Everyone knows the story of JFK and that infamous morning in Dallas, whether you have the flashbulb memories of where you were when it happened or if you learned about it in your history classes. Even if you didn’t pay attention to your schoolwork, JFK’s demise has permeated into the fabric of pop culture and media. Conspiracy theories abound, there are countless movies, books, and TV shows about the event, it even leaks into unrelated media like Annie Hall, Watchmen, and The X-Files. So, why should we have yet another movie with the same subject matter? This film takes a different approach to the story: Jackie follows the life of Jackie Kennedy the week after the assassination of her husband.
Jackie is told as a collection of memories from Jackie (Natalie Portman) while she does an interview with Theodore White (Billy Crudup). This set up allows for a variety of scenes to be shown from before, while still maintaining the narrative story of the week after the assassination. The main plot of the film shows Jackie’s stages of anguish and mourning following the tragic event. While this perspective of the story is relatively untold in mainstream cinema and television, I can’t help but find it a little underwhelming. I’m glad to see Jackie’s experiences brought to light, but this is nothing that the average person wouldn’t expect to see happen after a horrible experience. We know that her husband was killed in front of her and we can only imagine the kind of trauma that would induce. Without watching a movie about it, I think most people can assume what kind of grief and heartbreak she went through. Jackie doesn’t provide anything more than what you’re expecting out of it: a heartbroken woman grieving in various ways and coming to terms with a life-altering travesty.
Jackie has a lot of great aspects to it, but what stands out is Natalie Portman’s performance as Jackie Kennedy. She completely embodies the role and sells it entirely, and thanks to the blending of film and actual footage, I rarely felt I was watching an imitation of Jackie Kennedy. It wouldn’t shock me in the least to see her nominated for Best Actress for this role. The supporting cast had very few standouts (minus Peter Sarsgaard as Robert Kennedy), but I can’t decide whether they didn’t fit the roles or if they simply paled in comparison to Natalie Portman’s dominating presence on screen. The only casting that broke my immersion during the movie was Caspar Phillipson as JFK. Despite having a very minor amount of screen time, I couldn’t help but notice that he didn’t really sell himself on being JFK. The only thing he showed in common with the beloved President was a passing, beer-goggles resemblance to him.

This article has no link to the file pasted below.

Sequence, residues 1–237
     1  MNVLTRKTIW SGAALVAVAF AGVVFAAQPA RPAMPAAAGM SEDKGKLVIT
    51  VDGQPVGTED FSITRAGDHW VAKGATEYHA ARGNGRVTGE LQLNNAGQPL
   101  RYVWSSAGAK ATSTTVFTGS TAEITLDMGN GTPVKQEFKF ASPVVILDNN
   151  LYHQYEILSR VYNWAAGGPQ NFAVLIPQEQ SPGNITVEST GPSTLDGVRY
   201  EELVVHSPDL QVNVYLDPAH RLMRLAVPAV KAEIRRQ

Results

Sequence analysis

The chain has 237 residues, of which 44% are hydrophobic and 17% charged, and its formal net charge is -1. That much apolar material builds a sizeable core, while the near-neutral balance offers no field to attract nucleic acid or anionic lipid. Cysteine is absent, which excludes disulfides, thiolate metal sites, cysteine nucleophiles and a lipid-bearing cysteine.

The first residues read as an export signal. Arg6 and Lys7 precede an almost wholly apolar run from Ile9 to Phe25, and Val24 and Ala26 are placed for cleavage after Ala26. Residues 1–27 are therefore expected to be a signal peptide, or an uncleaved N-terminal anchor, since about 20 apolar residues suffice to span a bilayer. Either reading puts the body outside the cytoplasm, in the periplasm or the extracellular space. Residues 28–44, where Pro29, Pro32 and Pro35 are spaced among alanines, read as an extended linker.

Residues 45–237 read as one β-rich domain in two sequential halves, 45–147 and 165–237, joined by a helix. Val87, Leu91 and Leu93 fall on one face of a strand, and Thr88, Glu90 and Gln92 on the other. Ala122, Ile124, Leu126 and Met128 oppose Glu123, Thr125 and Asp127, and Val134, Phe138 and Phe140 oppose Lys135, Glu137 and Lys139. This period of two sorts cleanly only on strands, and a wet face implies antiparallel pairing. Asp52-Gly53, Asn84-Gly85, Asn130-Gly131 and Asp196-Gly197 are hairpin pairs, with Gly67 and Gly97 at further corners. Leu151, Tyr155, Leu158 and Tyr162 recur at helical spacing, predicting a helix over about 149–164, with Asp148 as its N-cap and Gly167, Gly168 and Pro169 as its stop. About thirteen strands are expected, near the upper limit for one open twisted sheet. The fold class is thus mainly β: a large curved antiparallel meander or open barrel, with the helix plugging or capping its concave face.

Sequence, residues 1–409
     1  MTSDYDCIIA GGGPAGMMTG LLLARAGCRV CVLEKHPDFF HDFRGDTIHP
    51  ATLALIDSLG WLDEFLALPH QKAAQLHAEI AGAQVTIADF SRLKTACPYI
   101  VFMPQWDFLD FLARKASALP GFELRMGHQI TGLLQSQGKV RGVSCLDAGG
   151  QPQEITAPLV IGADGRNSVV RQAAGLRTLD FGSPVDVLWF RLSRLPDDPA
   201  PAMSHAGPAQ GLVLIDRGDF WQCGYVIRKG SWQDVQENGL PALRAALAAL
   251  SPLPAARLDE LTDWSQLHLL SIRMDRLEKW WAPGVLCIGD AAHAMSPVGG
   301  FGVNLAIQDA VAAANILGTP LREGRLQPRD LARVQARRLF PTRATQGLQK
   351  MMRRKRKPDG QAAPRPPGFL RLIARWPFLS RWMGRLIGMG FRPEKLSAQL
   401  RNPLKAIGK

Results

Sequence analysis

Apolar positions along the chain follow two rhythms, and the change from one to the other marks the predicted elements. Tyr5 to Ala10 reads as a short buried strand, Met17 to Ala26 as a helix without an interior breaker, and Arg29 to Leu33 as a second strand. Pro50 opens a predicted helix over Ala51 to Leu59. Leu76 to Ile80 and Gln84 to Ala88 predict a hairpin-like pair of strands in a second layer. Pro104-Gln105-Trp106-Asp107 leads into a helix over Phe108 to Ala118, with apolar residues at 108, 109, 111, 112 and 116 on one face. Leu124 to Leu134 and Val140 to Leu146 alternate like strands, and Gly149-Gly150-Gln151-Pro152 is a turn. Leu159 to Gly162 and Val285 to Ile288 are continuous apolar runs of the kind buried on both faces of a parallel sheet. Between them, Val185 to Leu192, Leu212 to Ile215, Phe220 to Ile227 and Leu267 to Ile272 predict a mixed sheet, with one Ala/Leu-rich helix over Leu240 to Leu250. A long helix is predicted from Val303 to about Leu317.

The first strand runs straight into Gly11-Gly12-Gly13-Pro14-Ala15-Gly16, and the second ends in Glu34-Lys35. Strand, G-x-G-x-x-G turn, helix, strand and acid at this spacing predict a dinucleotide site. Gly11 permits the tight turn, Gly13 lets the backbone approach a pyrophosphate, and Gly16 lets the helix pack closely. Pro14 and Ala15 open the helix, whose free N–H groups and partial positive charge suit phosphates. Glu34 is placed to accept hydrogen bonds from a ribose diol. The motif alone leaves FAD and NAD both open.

What shined nearly as bright as Portman during the film was the attention to detail. I’ll admit that very rarely does a film do well enough for details like set design and costuming to jump out and grab me, but Jackie does just that. As Jackie Kennedy walks through the White House in her bloodstained outfit, you’re completely immersed in this time. Each detail feels meticulously placed and it lends a tremendous weight to the film. The music truly sets a tone for the film, filling the audience with a sense of dread and sadness. With the strings in the orchestra walking the border between horror and tragedy, it places a somber shroud over the entire movie. Even coming back to listen to the soundtrack gives me goosebumps and makes me peek over my shoulder. At first, I almost thought Jackie would be a horror movie based on the soundtrack alone. But, as the story unfolds, the soundtrack becomes more in-depth and accompanies the plot. It’s rare to see such a perfect execution of a score to compliment a film.
My only problem with Jackie doesn’t have much to do with the film itself, but the purpose behind it and the reason for its creation. I always assumed I had heard everything there was to hear about the JFK assassination, never thinking of what Jackie Kennedy went through. But, after watching Jackie I didn’t feel that I had come to more fully understand the event. I didn’t even walk away pleased that I had seen a mostly unknown portion of the story. I left the theatre downtrodden, having seen one hundred minutes of a grieving widow being quickly removed and overshadowed. I could have told you that the First Lady was devastated after JFK’s assassination. Having seen Jackie, I certainly have a more comprehensive knowledge of that devastation, but I don’t feel in any way better having learned this. There is no resolution, redemption, or conclusion in Jackie, only an unfortunate tale that feels like a weight being placed on you while watching it.
I’m torn on how I feel about Jackie. On one hand, it is brilliantly executed and Natalie Portman shows an incredible amount of dedication to her role, carrying the entire film. On the other hand, I feel that I haven’t gained anything in watching it. Despite its fresh perspective on an iconic moment in history, I walked out of the theatre without any new appreciation for the actual event. It simply reinforced my existing knowledge of how awful JFK’s assassination was. Despite all of that, I can’t ignore the excellent performance by Portman and the technical prowess that Jackie is able to bring to the screen. No one will regret watching Jackie, but I don’t think many will ever return to watch Jackie again.